Review Blog

Jun 07 2011

Long Reach by Peter Cocks

cover image

Walker Books, 2011. ISBN 978141632474.
Longreach's publishers recommend this ultra violent, fast paced thriller for readers 14+. As a parent and library staffer, I would add two more years because the violence is graphic.
Opening implausibly, the story recovers well and the experience of Eddie Savage, working undercover for an obscure justice authority is related in style and language which will meet with the approval of young adults.
A familiar plot is employed with Eddie seeking to avenge his murdered brother and he is cast well as a physically tough, resilient and street smart young man. Curiously he is written as a seventeen year old, a factor which caused me some discomfort since the plot involves him and his under aged girlfriend drinking remarkably frequently. Disturbingly, Eddie as an individual and the couple are depicted as being independent and sophisticated partially due to their attendance at restaurants, private functions and relaxing in their own homes, all activities where drinking appears to underline their maturity.
Eddie infiltrates an established and feared London criminal family and working undercover becomes embroiled in their drug trafficking, art fraud and stand over crimes. Susceptible to discovery at any time Eddie must collect evidence and report back to his controllers and the author cleverly conveys the sense of constant fear, pressure and mixed loyalty which the central character faces.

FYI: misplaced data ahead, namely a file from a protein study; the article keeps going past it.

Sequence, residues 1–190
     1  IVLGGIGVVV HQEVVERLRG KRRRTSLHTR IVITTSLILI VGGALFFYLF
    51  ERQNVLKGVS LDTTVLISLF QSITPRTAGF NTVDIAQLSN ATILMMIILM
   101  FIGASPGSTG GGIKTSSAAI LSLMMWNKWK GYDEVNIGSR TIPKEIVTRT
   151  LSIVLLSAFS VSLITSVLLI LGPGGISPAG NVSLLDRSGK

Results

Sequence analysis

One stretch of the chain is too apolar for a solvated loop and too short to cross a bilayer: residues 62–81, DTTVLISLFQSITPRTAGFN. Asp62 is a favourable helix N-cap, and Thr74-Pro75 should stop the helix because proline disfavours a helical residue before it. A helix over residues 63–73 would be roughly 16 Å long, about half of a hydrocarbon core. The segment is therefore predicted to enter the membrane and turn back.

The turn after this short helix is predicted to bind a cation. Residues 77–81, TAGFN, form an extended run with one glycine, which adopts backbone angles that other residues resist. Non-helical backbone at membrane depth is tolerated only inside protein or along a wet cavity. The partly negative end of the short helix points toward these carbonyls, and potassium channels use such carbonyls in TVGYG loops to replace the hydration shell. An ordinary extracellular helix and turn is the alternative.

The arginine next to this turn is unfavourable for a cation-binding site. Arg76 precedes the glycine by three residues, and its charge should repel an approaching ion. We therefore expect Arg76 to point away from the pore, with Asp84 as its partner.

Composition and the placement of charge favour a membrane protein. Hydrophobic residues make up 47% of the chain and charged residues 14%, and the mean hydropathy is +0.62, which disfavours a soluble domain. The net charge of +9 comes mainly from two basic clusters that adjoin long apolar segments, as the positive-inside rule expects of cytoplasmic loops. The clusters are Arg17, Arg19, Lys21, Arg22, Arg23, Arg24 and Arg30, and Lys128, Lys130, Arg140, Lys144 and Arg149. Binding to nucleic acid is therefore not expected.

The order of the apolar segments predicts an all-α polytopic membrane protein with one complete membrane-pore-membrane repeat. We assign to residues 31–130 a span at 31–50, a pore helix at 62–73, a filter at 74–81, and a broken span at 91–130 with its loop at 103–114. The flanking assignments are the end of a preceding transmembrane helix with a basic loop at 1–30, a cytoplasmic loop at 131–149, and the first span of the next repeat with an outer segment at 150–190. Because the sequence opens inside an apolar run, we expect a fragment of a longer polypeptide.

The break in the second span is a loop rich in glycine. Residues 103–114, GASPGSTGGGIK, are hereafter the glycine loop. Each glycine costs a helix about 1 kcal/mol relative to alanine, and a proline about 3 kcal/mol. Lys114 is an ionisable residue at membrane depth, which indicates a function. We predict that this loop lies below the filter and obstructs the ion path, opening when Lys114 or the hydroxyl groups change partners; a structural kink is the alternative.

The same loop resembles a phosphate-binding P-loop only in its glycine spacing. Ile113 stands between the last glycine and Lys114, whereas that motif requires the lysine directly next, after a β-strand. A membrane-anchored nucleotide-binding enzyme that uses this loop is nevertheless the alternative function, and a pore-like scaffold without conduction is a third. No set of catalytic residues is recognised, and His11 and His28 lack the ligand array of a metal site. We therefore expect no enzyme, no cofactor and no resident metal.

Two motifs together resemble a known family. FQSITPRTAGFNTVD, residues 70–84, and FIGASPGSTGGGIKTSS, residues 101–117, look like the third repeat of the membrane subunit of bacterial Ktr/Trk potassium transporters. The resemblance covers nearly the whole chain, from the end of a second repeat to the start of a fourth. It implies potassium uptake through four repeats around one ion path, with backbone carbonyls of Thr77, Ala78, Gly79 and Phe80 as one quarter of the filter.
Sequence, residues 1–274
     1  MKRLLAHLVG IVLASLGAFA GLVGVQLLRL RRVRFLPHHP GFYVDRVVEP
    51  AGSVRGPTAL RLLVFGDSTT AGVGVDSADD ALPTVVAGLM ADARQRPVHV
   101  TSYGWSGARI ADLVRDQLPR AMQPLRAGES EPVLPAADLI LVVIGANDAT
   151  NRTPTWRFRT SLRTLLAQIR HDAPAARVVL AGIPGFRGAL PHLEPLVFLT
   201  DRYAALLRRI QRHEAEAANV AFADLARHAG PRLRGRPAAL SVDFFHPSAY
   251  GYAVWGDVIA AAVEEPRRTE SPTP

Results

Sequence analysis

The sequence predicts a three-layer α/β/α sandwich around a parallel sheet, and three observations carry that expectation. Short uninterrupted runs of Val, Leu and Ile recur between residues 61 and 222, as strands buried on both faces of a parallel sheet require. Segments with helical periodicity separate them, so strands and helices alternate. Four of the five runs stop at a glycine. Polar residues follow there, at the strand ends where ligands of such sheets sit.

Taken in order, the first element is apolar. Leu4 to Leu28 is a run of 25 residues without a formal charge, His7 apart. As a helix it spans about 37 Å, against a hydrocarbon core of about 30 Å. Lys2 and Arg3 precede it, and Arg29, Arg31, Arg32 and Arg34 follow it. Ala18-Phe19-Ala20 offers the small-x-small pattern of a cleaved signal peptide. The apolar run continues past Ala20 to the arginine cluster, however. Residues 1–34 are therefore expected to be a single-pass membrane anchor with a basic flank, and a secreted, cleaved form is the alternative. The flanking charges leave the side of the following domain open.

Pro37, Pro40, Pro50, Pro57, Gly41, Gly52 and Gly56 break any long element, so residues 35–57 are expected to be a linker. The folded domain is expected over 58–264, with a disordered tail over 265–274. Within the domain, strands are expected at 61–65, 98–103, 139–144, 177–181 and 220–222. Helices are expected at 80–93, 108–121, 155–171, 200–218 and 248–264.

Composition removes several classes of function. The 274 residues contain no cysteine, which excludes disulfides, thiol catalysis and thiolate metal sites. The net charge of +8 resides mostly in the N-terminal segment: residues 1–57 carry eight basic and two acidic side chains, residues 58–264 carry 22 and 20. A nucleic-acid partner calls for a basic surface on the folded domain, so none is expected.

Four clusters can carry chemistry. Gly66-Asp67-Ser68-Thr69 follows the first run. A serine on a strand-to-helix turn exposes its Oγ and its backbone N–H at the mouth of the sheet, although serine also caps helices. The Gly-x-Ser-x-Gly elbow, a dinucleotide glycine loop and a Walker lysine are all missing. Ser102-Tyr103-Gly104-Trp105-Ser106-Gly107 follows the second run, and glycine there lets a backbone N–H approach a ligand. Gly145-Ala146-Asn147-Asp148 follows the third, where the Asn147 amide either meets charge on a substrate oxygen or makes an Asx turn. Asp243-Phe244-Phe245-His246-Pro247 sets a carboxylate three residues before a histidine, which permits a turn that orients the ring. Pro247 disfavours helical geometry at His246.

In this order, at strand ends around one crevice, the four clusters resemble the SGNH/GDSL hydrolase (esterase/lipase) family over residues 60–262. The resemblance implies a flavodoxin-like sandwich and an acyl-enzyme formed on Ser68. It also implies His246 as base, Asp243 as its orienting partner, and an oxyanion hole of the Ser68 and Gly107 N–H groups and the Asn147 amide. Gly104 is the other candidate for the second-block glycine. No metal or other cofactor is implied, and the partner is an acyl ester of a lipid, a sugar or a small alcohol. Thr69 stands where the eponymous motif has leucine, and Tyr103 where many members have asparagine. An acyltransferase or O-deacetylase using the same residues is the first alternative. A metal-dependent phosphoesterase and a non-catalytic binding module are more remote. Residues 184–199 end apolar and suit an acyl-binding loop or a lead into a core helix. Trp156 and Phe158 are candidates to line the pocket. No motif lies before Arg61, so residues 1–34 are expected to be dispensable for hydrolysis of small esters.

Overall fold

The story is fast paced and captivating, yet the author is so clearly focused on preparing sequel titles that he does not create an adequate conclusion for this one. Coming to a desultory halt, Peter Cocks pretty much shouts that we will have to await the next title to find out what happens, a marketing tactic which is disappointing to the reader.
Whilst the author could not be accused of glamorising crime, he does fail to demonstrate legal consequences or emphasise moral outcomes for the teenaged readers his publisher states he writes for. Certain characters appear to have been preserved for subsequent plots and do not receive justice.
It could be argued that teenaged readers are capable of developing their own moral conclusions and that the harsh realities that crime sometimes does pay and that villains do go free are concepts worthy of literary depiction.
Whilst the author pitched sexuality (implying experiences rather than describing them) and language (limited swearing only when necessary for authenticity) in an age appropriate fashion, it bothered me that gross violence was treated as acceptable, if not a selling point for the book.
Rob Welsh

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